16 March – 16 April, 2007
In his exploration of the nature of reality and artificiality, and the dichotomy of nature and culture, through a diverse body of work created over the last fifteen years, David Shapiro has infused formal ambiguity of minimal sculpture with personal meaning.
From casting faces in tofu, to casting pistachio nuts in bronze, from ongoing visual diaries, to saving two years worth of empty packages containing traces of his consumption, Shapiro has continually challenged the boundaries of the familiar and the unfamiliar, realness and absurdity, and the way art interacts in an urban context.
This exhibition will feature an 8-by-8 foot tabletop model of a hypothetical benefit concert, “Rock Iraq,” which doesn’t exist but quite possibly could. It is a concert with corporate logos but no sponsors, no musicians, and no music. It exists as a tabletop model to American ambiguity, assuaging guilt, displaying compassion, condemning failure, and inventing triumph.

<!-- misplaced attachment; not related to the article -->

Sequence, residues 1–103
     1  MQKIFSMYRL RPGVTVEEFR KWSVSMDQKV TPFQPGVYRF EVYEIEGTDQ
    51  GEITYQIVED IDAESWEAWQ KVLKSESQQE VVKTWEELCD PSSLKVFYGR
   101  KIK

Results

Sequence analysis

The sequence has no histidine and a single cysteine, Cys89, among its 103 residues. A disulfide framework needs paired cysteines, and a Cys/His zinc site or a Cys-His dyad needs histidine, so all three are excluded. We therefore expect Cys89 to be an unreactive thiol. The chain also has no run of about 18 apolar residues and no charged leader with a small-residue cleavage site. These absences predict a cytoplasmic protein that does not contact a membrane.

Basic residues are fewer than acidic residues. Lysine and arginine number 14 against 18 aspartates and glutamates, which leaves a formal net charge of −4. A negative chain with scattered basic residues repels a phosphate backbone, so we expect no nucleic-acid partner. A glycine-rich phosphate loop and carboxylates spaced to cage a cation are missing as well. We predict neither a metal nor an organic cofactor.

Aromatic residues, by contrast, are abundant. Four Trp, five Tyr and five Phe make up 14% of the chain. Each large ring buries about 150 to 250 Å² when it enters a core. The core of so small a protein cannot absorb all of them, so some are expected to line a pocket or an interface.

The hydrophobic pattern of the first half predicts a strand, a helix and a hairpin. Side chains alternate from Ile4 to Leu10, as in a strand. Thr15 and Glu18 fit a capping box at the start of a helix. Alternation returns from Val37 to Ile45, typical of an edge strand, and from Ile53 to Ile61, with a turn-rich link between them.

In addition to his critically recognized sculptural practice, Shapiro is an accomplished filmmaker. His 2001 film, “Keep the River On Your Right,” (made with his sister Laurie Gwen Shapiro) won 17 international awards as well as an Independent Sprit Award for Best New Director.